I had the opportunity this week to attend a panel presentation on poverty hosted by a local church. The event was billed as a discussion on poverty and “to help bring awareness of the all-too real problem of poverty and homelessness within our county.” I needn’t identify the county, because one could insert any county in the title and it would still apply. On the panel was an esteemed gathering of homeless shelter/housing directors, the sheriff, a charity that helps with small bills and expenses, a school superintendent, and an attorney who specializes in guardianship and poverty law.
Naturally the discussion initially focused on homelessness which is the all-to-visible face of poverty. The director from the small charity, though, asked that we also consider poverty in whole; while not that we ignore homelessness, but the epidemic of poverty is by-in-large unseen – hidden right in front of us in plain sight.
Earlier this week I participated in an all-day strategic planning session for a health center for which I’m honored to serve as a board member. There we had a consultant present on a series of data that she collected about our area including health disparities, penetration rates, demographics, and poverty. What quickly emerged is that in our area – despite news reports of declining unemployment and an improving economy – is that poverty rates increased, health disparities worsened, and that demographics radically changed in several markets. Community Health Centers, by their very mission, tend to go where the grass is browner, so the ground is fertile for expansion of services.
But I’m drawn again to the panel discussion. Who was missing on that panel? Many discussed mental health and substance abuse as a key indicator – not cause – of poverty. Yet there was no representative from any mental health and substance abuse providers. Who else was missing?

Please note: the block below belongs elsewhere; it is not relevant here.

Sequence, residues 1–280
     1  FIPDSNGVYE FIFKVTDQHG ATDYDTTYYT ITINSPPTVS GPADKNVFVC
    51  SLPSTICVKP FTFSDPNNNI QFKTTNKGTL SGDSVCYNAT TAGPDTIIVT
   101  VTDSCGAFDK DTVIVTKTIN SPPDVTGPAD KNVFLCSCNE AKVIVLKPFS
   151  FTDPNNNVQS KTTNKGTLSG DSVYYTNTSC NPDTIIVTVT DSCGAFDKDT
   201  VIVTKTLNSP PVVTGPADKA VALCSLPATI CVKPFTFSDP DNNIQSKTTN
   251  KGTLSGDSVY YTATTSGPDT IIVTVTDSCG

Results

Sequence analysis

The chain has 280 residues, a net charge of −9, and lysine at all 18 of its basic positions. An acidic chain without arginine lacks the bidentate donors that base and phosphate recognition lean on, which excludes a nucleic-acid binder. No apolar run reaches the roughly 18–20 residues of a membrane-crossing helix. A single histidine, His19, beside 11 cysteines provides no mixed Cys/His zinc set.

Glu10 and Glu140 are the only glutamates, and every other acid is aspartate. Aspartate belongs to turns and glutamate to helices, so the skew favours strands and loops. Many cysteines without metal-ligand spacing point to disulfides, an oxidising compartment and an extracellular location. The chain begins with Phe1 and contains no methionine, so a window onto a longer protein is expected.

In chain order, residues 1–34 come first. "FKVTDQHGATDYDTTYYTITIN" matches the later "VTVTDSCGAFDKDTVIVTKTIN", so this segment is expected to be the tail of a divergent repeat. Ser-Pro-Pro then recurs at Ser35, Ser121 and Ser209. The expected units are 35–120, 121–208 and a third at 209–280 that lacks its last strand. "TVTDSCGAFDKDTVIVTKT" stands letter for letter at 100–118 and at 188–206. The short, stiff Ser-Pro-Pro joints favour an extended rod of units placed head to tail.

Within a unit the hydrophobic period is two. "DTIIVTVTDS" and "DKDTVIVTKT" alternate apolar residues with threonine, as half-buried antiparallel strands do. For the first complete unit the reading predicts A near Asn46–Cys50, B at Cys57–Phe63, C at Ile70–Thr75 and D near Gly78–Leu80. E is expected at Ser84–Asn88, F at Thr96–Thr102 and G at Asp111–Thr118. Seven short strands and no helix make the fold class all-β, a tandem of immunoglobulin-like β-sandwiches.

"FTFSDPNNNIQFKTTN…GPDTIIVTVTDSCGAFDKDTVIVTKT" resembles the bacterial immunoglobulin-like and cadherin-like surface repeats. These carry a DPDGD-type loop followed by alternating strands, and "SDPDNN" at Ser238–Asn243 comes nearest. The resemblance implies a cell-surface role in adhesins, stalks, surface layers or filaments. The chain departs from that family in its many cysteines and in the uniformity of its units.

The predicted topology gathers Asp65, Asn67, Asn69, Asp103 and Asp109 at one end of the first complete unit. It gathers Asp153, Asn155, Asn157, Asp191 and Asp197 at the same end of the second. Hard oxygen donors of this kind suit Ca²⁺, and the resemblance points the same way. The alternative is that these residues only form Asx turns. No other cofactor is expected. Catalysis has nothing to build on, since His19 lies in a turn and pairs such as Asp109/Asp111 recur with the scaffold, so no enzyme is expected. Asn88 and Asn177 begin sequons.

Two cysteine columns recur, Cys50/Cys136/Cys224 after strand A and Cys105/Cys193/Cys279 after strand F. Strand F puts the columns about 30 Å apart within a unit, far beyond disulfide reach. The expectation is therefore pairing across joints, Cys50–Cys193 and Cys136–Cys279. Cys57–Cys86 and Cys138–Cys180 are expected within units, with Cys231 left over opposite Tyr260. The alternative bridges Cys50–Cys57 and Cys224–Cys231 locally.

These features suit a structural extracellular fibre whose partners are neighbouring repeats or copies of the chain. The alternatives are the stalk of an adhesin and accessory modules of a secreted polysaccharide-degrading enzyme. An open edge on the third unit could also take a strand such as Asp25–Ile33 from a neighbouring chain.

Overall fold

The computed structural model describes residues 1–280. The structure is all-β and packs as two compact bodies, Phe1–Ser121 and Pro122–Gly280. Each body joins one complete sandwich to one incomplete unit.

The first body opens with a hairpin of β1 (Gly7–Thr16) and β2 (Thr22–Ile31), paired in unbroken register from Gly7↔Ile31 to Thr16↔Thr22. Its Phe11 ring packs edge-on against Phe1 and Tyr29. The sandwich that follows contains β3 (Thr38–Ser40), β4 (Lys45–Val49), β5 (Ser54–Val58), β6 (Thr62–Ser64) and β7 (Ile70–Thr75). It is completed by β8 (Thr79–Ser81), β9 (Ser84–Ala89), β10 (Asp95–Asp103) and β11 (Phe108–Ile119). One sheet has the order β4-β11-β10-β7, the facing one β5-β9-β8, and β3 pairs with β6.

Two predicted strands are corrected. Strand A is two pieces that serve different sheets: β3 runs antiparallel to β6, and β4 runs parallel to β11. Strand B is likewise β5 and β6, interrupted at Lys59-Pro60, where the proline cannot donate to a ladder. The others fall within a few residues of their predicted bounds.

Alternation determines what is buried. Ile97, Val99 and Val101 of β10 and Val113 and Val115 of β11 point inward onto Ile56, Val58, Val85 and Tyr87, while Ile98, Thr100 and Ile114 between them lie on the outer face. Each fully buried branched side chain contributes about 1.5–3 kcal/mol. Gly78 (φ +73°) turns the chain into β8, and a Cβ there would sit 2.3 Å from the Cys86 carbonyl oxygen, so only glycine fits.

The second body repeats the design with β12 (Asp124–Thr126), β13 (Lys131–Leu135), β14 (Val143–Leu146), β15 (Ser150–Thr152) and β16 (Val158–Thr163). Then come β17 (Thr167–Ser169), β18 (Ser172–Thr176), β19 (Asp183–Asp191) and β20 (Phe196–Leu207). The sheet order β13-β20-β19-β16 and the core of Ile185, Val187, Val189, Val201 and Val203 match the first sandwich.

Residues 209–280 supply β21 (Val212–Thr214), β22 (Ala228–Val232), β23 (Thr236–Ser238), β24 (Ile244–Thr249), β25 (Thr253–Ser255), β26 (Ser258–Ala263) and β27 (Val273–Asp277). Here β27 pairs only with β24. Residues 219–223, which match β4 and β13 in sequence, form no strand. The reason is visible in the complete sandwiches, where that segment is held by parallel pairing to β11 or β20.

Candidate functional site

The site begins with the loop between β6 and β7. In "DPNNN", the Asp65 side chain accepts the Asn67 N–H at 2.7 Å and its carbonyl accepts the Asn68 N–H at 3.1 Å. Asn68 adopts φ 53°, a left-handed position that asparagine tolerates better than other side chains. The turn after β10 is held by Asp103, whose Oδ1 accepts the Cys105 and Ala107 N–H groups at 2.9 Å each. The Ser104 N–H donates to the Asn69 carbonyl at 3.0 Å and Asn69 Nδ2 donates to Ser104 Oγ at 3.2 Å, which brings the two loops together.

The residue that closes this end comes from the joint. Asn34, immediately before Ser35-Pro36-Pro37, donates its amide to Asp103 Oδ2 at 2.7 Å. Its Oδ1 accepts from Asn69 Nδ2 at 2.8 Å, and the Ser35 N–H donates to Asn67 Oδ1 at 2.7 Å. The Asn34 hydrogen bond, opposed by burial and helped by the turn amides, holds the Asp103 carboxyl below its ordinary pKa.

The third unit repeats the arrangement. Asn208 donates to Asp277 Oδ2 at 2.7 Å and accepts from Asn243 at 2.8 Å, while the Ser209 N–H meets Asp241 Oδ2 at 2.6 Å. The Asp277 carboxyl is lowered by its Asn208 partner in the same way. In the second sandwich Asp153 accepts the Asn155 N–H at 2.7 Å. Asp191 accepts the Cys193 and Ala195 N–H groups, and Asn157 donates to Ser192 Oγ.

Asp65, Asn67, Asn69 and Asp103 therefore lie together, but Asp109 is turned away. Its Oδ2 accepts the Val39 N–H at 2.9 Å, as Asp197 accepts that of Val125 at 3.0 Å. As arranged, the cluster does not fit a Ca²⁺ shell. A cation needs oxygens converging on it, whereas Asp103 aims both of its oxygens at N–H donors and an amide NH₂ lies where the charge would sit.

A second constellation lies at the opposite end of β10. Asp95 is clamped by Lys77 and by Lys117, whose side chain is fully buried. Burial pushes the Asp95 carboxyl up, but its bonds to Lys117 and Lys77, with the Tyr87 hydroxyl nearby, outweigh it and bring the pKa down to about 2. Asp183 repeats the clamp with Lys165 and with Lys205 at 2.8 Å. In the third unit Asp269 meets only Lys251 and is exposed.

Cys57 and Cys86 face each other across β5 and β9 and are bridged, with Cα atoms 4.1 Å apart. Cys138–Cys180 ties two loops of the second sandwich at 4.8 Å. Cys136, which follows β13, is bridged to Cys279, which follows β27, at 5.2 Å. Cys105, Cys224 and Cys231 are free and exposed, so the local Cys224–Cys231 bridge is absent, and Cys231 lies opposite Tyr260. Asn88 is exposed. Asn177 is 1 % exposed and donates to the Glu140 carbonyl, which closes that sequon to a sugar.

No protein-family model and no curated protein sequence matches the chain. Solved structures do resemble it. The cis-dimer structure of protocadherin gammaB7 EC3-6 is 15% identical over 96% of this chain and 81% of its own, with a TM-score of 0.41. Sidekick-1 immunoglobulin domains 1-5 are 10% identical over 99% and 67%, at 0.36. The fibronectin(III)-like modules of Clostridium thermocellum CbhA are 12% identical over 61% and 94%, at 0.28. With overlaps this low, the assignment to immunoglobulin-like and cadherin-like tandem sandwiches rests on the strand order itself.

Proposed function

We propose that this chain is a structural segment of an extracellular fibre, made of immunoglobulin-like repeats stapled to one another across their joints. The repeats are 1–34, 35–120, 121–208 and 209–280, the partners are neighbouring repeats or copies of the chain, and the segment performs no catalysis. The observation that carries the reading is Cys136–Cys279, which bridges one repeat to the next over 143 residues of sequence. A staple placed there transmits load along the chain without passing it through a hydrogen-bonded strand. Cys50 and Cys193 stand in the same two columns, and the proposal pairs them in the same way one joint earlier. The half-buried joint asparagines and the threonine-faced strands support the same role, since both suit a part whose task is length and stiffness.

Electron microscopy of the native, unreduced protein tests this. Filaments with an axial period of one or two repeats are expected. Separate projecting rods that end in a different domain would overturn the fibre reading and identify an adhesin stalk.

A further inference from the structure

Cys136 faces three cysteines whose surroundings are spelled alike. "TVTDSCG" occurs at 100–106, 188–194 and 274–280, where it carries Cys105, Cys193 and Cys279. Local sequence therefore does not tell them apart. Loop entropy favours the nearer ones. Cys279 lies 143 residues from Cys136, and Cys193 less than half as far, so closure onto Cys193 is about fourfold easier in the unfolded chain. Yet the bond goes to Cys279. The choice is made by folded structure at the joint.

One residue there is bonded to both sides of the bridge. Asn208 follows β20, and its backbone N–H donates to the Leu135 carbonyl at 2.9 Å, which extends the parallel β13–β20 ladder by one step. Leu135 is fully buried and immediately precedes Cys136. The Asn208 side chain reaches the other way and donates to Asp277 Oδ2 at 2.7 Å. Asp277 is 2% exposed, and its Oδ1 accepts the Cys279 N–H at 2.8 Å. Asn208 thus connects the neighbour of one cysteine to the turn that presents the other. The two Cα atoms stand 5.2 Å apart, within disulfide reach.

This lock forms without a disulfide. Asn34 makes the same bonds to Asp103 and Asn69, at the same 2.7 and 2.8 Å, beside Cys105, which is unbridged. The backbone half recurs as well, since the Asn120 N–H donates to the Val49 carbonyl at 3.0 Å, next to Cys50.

In 2013 the U.S. Census released a report on poverty related to medical expenses. Depending on where you look, the national rate of poverty hovers around 15% in the United States. In data from 2011-2012, the report found that medical out-of-pocket (MOOP) expenses alone added nearly 3.4% of all Americans to the poverty rolls – or more accurately, 10.6 million people.(1) Digging deeper, of those working age adults living in poverty, 50% of them spend ten percent of their income on MOOP, the single highest expense other than shelter and food – and at a rate that doubled since 2001.(2)
So who was missing on that panel?
We already understand that the people living in poverty often live in food deserts, lack access to exercise facilities, and often work long hours at multiple jobs, and tend to not have advanced degrees. All of these factors are indicators in poor overall health and where you find health disparities, you’ll often find these indicators. Yes, education, employment, shelter are all important factors in stemming the rise of poverty, but clearly, access to affordable medical services and coverage is also important – if not on equal weight.
I often think of a 3-legged stool in terms of community stability: Housing, employment and healthcare. If any of those legs fall out of balance, the stool is unstable. It rings true for individuals as much as a community. Strength in one positively impacts the other, as much as a depletion of one burdens the others. If you want to add a fourth leg of education, you’ll get no argument from me.
So there was a glaring gap on that panel – as strong and passionate as the speakers were. The lack of access to quality affordable healthcare and MOOP costs are every bit a factor of poverty as anything else that we already knew, and according to the data, it’s worsened in since 2001. Will the ACA and state expansion of Medicaid help curb this tide? The early data is promising. In the small sample size that is our local health center, due to the tireless work of healthcare navigators, a sizable percentage of previously uninsured patients became covered from 2014 into 2015. That conversion alone shifted the payer mix significantly and helped provide better access to healthcare for those individuals – healthcare that will now be at least partially covered.
Look around your own community – really look. It will be hard to see the poverty, but if you look, you’ll find it. Single parents who line up at Minute Clinics in the early mornings before school; the waitress at your favorite restaurant who also works at the nursing home on weekends; the grocery store check-out lady who worries about her job as her store adds four more self checkout kiosks. Encourage your community to have similar conversations and panels.
And who will YOU remember to include?
(1) Weissmann, J. Census: Medical Expenses Put 10.6 Million Americans in Poverty. The Atlantic. Nov 3, 2013.
(2) Collins, S. New Census Poverty Measure Shows Medical Expenses Push 10 Million Americans into Poverty. The Commonwealth Fund. Nov 10, 2011.